The common eider is a large diving duck that can be found along the entire coast of Norway, but its numbers are decreasing. Researchers have registered declining eider populations over several years without being able to point to any specific explanation for the decline. They know that introduced American mink and birds of prey pose an increasing threat to adult eiders and that egg-predators, such as crows and large gulls, may have negative impacts on reproduction. Now, researchers have discovered that ocean warming is a direct cause of population decline in this species.
Warmer ocean increases mortality
Researchers at NINA – Norwegian institute for nature research – at the Fram Centre in Tromsø have applied population models to show that co-occurrence of two or more negative factors, such as climate change, predation and pollutants, may cause population decrease in eiders and ultimately lead to extinction, even though the stressors are not lethal when occurring separately. The analysis is based on more than 30 years of data on sea temperature and adult eider survival and reproductive investment (number of eggs laid).
-It turns out that when the sea surface temperature rises, the mortality in adult eiders increases, says Sveinn Are Hanssen at NINA. He characterizes the findings as sensational and worrying. Together with his colleagues Bård-Jørgen Bårdsen and Jan Ove Bustnes, he has recently published an article on the subject.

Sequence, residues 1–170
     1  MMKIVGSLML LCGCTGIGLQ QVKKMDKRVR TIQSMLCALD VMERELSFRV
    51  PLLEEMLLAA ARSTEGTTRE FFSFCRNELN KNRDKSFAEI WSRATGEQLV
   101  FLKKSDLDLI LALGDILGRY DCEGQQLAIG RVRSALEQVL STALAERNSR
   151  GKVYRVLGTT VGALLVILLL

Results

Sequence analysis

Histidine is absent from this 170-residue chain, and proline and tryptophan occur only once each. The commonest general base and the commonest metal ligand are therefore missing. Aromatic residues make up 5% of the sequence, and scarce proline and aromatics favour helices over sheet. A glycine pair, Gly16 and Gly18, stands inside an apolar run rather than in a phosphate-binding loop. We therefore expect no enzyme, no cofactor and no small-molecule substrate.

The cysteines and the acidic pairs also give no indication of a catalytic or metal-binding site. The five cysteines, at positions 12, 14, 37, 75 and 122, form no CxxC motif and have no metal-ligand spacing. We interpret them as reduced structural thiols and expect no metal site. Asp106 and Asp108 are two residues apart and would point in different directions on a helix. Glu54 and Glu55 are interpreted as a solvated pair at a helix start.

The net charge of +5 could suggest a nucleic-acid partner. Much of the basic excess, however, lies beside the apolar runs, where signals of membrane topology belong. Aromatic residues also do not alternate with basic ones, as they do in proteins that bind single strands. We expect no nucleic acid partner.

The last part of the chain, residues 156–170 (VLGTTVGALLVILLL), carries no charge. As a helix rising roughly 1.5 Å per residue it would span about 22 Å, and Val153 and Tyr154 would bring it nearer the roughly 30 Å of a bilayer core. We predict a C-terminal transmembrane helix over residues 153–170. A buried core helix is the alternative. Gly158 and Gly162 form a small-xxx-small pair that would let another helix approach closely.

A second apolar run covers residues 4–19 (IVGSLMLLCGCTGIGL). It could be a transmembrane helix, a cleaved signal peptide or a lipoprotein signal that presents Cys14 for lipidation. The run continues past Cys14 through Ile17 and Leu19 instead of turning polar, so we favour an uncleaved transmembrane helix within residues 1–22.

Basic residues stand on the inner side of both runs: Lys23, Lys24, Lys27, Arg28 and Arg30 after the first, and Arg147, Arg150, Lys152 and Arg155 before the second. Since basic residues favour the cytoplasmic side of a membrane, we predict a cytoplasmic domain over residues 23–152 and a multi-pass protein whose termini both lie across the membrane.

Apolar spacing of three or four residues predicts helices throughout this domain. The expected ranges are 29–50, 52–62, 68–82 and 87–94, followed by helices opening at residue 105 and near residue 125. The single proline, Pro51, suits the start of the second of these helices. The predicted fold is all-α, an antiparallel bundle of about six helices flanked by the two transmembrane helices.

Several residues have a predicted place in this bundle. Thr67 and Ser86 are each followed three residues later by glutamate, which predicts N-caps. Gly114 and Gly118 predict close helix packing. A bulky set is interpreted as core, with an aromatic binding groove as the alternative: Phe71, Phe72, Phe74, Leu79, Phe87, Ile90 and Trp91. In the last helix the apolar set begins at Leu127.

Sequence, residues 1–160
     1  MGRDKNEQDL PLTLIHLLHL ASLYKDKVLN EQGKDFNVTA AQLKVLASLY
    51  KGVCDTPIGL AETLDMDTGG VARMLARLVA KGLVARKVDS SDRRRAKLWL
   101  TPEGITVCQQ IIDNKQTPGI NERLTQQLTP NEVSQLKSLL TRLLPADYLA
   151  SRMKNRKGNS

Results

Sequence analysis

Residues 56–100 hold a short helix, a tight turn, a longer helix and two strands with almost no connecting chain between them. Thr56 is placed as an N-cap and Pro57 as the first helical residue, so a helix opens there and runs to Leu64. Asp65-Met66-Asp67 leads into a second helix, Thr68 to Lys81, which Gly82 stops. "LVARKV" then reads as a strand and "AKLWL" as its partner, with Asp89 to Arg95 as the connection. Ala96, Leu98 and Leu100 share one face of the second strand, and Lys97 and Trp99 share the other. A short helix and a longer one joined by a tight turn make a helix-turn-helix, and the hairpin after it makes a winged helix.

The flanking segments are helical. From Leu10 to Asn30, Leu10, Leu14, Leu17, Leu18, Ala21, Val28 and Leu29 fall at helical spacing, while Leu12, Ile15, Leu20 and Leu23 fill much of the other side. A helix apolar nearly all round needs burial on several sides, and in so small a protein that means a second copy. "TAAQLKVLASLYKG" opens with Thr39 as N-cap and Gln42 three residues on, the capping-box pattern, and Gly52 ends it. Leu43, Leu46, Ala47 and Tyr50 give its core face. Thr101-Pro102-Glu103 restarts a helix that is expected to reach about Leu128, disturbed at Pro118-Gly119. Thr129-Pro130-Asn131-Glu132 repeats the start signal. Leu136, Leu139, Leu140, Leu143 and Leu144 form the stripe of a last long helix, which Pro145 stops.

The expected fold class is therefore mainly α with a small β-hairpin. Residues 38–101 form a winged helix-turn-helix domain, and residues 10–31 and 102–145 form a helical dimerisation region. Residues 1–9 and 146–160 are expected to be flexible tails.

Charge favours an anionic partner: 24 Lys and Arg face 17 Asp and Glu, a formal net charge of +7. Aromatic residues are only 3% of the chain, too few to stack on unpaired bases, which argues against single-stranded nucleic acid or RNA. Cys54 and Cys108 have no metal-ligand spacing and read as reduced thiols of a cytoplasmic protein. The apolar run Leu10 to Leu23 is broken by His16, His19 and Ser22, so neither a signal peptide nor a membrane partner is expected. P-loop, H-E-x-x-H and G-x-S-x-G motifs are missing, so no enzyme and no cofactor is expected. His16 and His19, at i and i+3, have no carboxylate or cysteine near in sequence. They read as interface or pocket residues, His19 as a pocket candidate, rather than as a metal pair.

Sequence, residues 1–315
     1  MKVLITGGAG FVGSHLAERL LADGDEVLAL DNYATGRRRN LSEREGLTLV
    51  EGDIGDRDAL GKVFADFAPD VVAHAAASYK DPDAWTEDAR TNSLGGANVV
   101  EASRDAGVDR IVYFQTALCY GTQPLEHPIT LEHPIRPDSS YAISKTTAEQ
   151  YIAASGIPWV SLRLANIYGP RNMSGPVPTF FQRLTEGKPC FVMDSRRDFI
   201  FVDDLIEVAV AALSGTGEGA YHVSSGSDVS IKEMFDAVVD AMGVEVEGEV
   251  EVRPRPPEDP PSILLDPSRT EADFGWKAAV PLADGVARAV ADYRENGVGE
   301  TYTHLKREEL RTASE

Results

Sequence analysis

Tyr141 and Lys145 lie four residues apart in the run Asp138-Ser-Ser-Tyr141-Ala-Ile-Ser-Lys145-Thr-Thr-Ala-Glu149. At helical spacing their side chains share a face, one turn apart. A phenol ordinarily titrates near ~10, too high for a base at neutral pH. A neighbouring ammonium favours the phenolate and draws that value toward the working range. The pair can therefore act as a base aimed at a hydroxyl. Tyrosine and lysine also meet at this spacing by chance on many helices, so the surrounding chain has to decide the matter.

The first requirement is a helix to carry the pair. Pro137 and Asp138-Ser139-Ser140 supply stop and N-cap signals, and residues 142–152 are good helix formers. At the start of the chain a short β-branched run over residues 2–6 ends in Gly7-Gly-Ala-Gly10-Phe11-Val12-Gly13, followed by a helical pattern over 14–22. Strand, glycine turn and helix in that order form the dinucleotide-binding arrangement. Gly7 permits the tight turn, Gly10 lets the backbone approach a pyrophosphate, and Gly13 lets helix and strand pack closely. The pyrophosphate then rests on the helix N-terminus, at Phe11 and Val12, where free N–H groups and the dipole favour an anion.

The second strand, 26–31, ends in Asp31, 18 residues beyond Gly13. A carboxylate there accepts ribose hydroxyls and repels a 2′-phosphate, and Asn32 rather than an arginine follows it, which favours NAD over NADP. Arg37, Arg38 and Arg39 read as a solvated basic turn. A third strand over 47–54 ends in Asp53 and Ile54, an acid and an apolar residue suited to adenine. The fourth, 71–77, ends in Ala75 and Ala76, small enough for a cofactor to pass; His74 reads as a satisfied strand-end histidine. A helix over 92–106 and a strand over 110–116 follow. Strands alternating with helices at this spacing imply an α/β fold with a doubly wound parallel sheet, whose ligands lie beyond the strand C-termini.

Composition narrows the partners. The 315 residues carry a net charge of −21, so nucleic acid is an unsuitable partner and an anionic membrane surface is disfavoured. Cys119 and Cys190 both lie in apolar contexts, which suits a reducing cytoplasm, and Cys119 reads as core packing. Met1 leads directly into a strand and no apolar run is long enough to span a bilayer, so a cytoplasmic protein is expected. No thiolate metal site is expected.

The researchers found that an increase in the average temperature in March had a strong negative effect on the survival rate of adult common eiders the same year. At the same time, the results of the study also showed that survival was negatively correlated to ocean temperature three years before, implying a delayed effect of temperature increase.
-It is difficult to determine which mechanisms are at play here, but a delayed effect indicates that changing sea temperatures have an indirect effect on the eiders. A warmer ocean may affect the birds through their diet or through parasites and diseases, says Bård-Jørgen Bårdsen.
Relations to extreme weather
Nonetheless, the strongest effect of ocean temperature on survival rate was the direct one (within the year of temperature increase). Considering the fact that the common eider is a hardy species with a European distribution from the Netherlands in the south to Svalbard and Franz Josef Land in the north, it might be hard to imagine that a small increase in sea temperature can kill the birds. But one should bear in mind that a warmer ocean may be related to other weather phenomena such as storms, hurricanes and polar lows which, in the worst cases, may kill the birds during winter. So far, the researchers have no clear explanation to this, but it is something they will study in the time to come.
-The results of our study are exciting, and they may provide new perspectives on how climate change and other stressors affect survival in free-ranging animal populations, which, in turn, may improve our ability to predict any effects of global warming, says Sveinn Are Hanssen.
Read the article:
- Multiple stressors: modeling the effect of pollution, climate, and predation on viability of a sub‐arctic marine bird
First published at www.framsenteret.no
Contact person: Sveinn Are Hanssen, NINA